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I have been trying to change the fillstyle for the filledcurves option in gnuplot so that the fill colour represents the difference between the two curves on a 2-dimensional plot. I am thinking of this as an extension of the 'filledcurves above/below' option whereby instead of just having two colours representing above or below there is a colour range or palette.

Here is an example of the plot I would like to make from a datafile using the above/below filled curve style. A colourbar representing the y-difference between the two curves would be very useful.

http://i.stack.imgur.com/RLlpU.png

I have tried to do this by adding a fourth column to the using command i.e.

plot 'data.txt' using 1:2:3:($3-$2) with filledcurves fs palette

but the filledcurves does not appear to accept the fourth column... I have also considered trying rgb variable but this doesn't seem to work either.

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2  
This looks like a job for a feature request (sourceforge.net/tracker/?group_id=2055&atid=352055); I don't think gnuplot can do what you want natively. Until that is implemented, you might think about just plotting the difference between the hot and cold state spectra as a separate line on your plot. (That may reproduce in print better, and be a little easier to understand for the color-blind.) –  andyras Nov 22 '12 at 14:17
    
I haven't thought about it enough, but you might be able to achieve something like this via a combination of set view map, splot and pm3d... –  mgilson Nov 23 '12 at 18:25
    
This looks like what you are looking for. gnuplot-tricks.blogspot.com/2009/08/… –  Sunhwan Jo Dec 11 '12 at 5:54

3 Answers 3

Try to use filled histograms.

set style fill solid 1.0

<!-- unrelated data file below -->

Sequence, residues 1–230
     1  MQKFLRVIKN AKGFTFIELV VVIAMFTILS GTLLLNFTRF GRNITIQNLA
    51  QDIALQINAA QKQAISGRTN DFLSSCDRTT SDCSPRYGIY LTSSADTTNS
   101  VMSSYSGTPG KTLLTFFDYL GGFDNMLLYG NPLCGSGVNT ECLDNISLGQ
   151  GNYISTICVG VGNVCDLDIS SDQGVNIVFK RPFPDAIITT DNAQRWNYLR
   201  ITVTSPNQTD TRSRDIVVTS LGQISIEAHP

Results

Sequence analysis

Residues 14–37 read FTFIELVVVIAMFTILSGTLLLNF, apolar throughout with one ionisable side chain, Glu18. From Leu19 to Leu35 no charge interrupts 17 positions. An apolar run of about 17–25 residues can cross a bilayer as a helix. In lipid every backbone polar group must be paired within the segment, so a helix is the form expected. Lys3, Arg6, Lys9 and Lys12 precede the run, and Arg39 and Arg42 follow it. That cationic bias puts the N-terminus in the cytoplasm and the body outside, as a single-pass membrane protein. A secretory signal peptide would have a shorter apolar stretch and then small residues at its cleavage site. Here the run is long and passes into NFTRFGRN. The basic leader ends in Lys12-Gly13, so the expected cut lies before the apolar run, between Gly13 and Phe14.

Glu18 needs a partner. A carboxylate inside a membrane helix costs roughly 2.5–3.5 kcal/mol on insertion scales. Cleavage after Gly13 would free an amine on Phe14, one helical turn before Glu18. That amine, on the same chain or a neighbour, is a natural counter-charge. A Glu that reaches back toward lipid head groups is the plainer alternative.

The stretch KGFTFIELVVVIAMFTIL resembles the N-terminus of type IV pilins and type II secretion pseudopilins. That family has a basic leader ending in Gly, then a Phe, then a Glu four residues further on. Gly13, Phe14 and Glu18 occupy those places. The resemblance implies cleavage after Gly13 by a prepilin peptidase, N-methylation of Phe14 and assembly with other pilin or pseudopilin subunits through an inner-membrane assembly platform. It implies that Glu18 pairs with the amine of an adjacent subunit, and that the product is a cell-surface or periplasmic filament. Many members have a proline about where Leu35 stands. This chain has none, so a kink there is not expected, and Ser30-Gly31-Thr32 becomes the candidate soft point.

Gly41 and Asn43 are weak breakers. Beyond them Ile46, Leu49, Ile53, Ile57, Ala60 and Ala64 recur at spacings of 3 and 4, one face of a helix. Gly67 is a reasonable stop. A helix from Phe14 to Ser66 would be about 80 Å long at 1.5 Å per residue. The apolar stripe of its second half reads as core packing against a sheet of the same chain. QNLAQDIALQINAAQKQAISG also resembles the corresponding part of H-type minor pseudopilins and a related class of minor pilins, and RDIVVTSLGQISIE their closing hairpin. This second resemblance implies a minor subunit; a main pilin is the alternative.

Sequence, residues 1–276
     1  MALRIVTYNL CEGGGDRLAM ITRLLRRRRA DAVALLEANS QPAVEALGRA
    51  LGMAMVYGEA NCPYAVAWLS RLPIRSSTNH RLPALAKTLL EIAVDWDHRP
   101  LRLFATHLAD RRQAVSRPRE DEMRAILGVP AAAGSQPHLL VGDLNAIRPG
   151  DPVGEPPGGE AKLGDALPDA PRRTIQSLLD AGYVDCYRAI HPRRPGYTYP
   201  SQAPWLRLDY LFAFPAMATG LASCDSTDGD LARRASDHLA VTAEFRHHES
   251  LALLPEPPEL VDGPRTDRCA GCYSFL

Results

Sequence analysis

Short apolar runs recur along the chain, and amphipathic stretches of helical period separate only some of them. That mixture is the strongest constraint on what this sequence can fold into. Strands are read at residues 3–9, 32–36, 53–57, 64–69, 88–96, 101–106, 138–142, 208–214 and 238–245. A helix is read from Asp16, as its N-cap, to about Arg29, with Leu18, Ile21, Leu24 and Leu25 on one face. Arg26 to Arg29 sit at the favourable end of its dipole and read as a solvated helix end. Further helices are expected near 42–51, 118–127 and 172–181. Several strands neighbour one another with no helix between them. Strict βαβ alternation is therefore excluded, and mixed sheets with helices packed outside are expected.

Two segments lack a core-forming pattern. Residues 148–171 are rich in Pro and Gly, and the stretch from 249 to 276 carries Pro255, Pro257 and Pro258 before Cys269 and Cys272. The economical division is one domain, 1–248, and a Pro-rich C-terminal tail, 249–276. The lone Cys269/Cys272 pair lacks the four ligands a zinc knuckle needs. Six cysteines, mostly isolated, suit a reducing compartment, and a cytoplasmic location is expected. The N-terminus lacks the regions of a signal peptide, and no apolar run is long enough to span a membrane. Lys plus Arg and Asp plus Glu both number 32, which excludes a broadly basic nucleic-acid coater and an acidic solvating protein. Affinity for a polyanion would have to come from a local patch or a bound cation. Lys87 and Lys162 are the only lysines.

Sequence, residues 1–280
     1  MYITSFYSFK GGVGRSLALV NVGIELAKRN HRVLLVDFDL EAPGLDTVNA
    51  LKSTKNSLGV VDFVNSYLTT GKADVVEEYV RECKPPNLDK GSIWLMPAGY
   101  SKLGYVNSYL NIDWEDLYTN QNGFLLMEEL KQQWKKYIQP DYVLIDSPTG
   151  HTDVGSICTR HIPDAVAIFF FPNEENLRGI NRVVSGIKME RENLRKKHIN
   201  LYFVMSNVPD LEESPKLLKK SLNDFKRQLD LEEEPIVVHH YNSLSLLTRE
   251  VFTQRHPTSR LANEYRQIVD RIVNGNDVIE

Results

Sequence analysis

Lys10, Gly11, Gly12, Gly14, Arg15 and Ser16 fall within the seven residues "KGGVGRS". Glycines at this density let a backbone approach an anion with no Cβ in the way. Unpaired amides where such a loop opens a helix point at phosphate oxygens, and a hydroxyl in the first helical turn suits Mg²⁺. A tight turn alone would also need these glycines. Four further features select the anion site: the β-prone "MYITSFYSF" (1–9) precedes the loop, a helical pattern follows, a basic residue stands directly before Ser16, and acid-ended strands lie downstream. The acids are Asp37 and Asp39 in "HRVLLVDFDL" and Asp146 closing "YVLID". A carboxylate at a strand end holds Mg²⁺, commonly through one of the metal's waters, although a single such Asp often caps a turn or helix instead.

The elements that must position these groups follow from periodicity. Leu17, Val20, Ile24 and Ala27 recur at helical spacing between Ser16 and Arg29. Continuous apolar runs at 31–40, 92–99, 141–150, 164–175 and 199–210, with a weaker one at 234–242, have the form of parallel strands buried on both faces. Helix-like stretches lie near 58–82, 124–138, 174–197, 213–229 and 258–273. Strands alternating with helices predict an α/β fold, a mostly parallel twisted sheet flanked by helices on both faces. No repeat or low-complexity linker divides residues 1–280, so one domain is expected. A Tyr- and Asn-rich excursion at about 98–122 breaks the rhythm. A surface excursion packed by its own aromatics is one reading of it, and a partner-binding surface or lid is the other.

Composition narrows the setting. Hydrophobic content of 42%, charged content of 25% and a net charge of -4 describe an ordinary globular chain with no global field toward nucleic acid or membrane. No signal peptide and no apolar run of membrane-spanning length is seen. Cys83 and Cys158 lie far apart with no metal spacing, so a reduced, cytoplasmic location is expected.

plot \
 datafile u 1:2:3 lt palette w boxes,\
 datafile u 1:2:3 lt palette lw 2 w l

Column 3 defines color filling color according to palette settings, columns 1 and 2 define data points. You can also use background color histogram for clearing parts under graph.

I'd like to add image but I can't because of low reputation.

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I am playing around with a patch for gnuplot to allow using linecolor rgb variable for filled curves. Then the following gnuplot code can be used:

max_color=1
# for a datafile one could extract the maximum diffference with e.g.
# stats 'hotcold.dat' using 1:($3-$2)
# max_color = (abs(STATS_min_y) > abs(STATS_max_y)) ? abs(STATS_min_y) : abs(STATS_max_y)

red(val) = (val < 0 ? abs(1+val/max_color) : 1)
green(val) = (1 - abs(val)/max_color)
blue(val) = red(-val)
rgb(val) = 65536*int(255*red(val)) + 256*int(255*green(val)) + int(255*blue(val))

set yrange[0:1]
set xrange[400:2500]
set samples 200

fhot(x) = 0.1*exp(-((x-400)/200)**2) + 0.8*exp(-((x-2000)/300)**2)
fcold(x) = 0.25*exp(-((x-700)/100)**6)+ 0.4 - (2e-4*(x-2500))**2
plot '+' using 1:(fhot($1)):(fcold($1)):(rgb(fhot($1)-fcold($1))) with filledcurves lc rgb var t '',\
     '' using 1:(fhot($1)) with lines lw 4 lc rgb rgb(max_color) t 'Hot',\
     '' using 1:(fcold($1)) with lines lw 4 lc rgb rgb(-max_color) t 'Cold'

That gives this result: enter image description here

I haven't submitted the patch, yet, because I don't know if I understood the question correctly and because I don't know if I covered all cases. So some fine-tuning may be required.

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So how's that patch going? You uploaded it somewhere? Is it usable? –  rgcalsaverini Dec 8 '13 at 21:35
    
@rgcalsaverini No, I didn't upload it. I wrote it for the fun of it, but since I don't need such graphics, I didn't know if that was the correct approach, if I was missing something... And since I never got any feedback about it, I stopped with the first rudimentary implementation. –  Christoph Dec 9 '13 at 13:39

The trick is to draw the lines, then fill between them with filledcurves. Here's how to do it (based on the examples at gnuplot):

set style line 2 lc rgb 'forest-green'
set style line 3 lc rgb 'plum'
set style fill pattern 5 lc 'yellow'
set xrange [0:3000]
set yrange [0:1]
plot 'data.txt' u 1:2:3 w filledcurves notitle, \
     '' u 1:2 ls 2 with lines notitle, \
     '' u 1:3 ls 3 with lines notitle

The output looks like this: enter image description here

The data file contains these dummy values (that resemble your second graph):

500     0.90    0.90
1000    0.90    0.75
1500    0.92    0.40
2000    0.95    0.30
2500    0.94    0.23
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